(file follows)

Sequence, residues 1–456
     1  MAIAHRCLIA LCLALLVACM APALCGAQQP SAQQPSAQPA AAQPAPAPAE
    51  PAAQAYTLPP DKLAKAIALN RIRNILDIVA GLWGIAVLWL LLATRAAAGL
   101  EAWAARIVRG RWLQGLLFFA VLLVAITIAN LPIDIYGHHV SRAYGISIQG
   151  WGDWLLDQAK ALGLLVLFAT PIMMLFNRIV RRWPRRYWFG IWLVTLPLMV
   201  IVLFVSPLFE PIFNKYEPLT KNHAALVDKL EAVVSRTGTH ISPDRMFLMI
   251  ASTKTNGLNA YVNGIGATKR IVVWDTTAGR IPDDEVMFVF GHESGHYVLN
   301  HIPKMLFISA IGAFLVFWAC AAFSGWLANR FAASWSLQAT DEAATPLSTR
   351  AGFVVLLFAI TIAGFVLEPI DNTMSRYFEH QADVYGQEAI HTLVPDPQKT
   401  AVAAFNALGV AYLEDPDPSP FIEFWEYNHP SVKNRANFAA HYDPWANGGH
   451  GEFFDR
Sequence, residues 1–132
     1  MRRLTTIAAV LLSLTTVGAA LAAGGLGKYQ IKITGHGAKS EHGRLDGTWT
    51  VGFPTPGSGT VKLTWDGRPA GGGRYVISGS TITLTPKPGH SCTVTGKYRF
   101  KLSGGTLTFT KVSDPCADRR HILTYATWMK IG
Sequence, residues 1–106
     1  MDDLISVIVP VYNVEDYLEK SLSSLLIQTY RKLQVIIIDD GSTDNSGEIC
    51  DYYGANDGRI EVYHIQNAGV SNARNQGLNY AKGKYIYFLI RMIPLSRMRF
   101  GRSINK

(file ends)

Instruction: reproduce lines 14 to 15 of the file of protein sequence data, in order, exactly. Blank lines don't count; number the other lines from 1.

    51  VGFPTPGSGT VKLTWDGRPA GGGRYVISGS TITLTPKPGH SCTVTGKYRF
   101  KLSGGTLTFT KVSDPCADRR HILTYATWMK IG